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Being in the Market!

Discussion in 'Shares' started by Tropo, 23rd Jun, 2009.

  1. Tropo

    Tropo Well-Known Member

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    Being in the Market!

    Some days I struggle for things to rave or rant about in this morning missive. Often, after bleeding at the keyboard for an hour or two, something seemingly worth saying pours on to the screen; but there are those days when only the keyboard is stained. Today is one of those days.
    So, my guest columnist, if you will, is F.J. Chu.
    Mr. Chu wrote a wonderful little book titled “Paradigm Lost.” It’s a real gem of a book that I often return to, and consistently find increasing amounts of wisdom each visit. I was re-reading his section on “Being In the Market,” and thought you might enjoy it, especially as we start our week in the market.
    Here is an excerpt:
    “We find it upsetting that the market, or at least the rational and quantitative aspects of it that are explained to us by the experts, only describe the surface of our investment world. But the truth is that market prices are determined by a set of complex variables that resist precise quantification.
    Beneath that appearance exists another world that is disclosed to us by volatile stock price movements and by direct experience. Unlike the familiar language of precise financial data, dry economic analysis, and quantitative rankings, this other world is increasingly throbbing and moving, driven by the basest emotions, and fed by rumor, misinformation, and fantasy.
    The investor is told that the first world is ‘objective,’ rational and real; while the second world is ‘subjective,’ irrational, and alien. For comic relief, a sage once suggested that someone who is skeptical of the reliability of his physical senses should by whipped until he is convinced of its certainty.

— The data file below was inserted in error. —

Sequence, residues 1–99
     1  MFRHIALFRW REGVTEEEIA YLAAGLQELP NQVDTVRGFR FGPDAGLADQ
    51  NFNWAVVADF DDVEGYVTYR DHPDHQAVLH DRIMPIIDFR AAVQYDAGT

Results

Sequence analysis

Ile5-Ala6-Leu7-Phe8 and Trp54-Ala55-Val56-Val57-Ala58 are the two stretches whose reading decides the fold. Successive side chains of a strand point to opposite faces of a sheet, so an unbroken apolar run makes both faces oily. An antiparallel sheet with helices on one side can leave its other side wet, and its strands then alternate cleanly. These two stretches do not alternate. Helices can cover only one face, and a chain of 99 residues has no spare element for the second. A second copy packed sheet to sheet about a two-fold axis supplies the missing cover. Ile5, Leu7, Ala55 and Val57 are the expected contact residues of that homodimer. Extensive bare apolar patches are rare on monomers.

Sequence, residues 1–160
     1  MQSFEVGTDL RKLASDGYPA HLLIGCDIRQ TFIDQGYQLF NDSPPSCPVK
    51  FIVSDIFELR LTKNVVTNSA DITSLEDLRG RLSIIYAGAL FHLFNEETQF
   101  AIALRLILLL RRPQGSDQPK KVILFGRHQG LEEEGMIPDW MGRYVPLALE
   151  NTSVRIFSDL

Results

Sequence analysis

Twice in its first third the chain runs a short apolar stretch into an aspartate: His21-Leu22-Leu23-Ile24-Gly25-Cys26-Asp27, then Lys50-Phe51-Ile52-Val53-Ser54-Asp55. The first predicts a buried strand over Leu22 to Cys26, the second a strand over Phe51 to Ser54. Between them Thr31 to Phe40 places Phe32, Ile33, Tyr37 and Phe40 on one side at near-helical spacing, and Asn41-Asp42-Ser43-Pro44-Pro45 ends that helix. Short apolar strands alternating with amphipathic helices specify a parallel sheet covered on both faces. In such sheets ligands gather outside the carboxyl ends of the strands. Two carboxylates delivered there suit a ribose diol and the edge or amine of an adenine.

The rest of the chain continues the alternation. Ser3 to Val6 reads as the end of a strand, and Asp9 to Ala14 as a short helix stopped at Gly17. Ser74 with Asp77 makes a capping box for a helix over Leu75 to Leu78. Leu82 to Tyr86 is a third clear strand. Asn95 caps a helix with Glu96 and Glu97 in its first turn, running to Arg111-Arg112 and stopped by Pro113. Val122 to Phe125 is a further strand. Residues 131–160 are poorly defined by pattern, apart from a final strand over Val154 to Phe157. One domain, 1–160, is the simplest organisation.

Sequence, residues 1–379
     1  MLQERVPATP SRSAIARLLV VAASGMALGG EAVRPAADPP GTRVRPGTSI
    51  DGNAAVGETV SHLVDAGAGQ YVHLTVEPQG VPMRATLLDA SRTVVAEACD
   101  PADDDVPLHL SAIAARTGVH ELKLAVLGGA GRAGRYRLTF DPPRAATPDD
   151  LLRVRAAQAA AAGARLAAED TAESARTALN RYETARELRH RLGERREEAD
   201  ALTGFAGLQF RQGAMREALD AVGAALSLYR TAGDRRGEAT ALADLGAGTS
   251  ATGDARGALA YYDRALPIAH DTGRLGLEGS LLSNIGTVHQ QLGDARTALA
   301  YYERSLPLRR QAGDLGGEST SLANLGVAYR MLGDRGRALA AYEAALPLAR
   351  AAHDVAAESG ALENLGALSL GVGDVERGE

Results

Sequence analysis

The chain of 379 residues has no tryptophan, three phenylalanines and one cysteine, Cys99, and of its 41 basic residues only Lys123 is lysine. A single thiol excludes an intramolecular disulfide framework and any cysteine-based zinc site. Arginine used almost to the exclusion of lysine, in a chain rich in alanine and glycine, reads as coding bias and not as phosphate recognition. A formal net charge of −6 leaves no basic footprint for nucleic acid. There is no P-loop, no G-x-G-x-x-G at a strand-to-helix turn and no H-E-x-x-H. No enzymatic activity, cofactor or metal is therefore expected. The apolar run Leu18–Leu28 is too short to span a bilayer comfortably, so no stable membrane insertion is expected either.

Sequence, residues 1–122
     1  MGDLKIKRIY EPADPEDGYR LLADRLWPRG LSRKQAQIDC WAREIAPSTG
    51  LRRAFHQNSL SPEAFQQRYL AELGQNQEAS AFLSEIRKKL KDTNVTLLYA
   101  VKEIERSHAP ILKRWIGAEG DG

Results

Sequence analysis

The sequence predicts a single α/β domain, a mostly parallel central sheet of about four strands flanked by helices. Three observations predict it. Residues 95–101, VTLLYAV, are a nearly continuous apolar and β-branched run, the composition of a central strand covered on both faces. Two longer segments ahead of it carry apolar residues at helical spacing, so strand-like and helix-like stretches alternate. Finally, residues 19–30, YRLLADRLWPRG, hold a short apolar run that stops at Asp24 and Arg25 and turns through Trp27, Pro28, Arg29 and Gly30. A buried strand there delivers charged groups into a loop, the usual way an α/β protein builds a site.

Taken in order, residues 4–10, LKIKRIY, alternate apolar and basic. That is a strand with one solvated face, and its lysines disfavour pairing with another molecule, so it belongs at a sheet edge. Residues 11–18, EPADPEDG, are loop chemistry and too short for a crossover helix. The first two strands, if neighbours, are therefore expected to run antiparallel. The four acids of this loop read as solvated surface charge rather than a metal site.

“Since we have already split market reality in two, which one is the one that predominates? That answer is that they both do, although the timing and the degree to which they determine actual market prices is refractory to investors’ power of anticipation.
    As a consequence, the investor is shunted between these two worlds, feeling like an anonymous and unwitting cog in the great game of the markets. Is there a way out? Now if this were merely an academic argument between university professors, we could dismiss it as the cogitation of overly refined intellects. But this duality infects the whole of our investment world and reaches deep into our portfolios.

    “The unique and fascinating nature of the markets is due to the centrality of Being—the mind of the investor, many investors, and in its totality the mind of the market. Its uniqueness has to do with the way the investor stands out within time and in relation to time. In every trade (or every click of the mouse) the past, present, and future all converge in on instant in one physical space. The unique character of each investor’s mind—in infinite variations of reason and emotion, fear and greed—finds its expression in the cascade of market prices.
    What is suggested is no less than the Socratic ideal of an individual, intelligent, and informed investor who thinks for himself, uses independent judgment, and acts with deliberate choice. It is the real of—Being-in-the-Market—where extraordinary power of ideas takes shape.